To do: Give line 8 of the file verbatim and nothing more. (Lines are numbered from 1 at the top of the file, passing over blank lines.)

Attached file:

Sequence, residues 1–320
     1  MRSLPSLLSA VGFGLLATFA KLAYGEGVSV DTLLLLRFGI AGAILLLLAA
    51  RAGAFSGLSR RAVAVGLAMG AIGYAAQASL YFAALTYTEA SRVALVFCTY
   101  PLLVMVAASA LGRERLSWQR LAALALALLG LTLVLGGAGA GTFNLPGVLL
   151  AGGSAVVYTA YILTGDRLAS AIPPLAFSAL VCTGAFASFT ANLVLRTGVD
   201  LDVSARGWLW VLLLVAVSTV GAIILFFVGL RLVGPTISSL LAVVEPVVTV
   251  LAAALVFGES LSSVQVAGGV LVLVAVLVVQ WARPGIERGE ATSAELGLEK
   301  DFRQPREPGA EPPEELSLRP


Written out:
   301  DFRQPREPGA EPPEELSLRP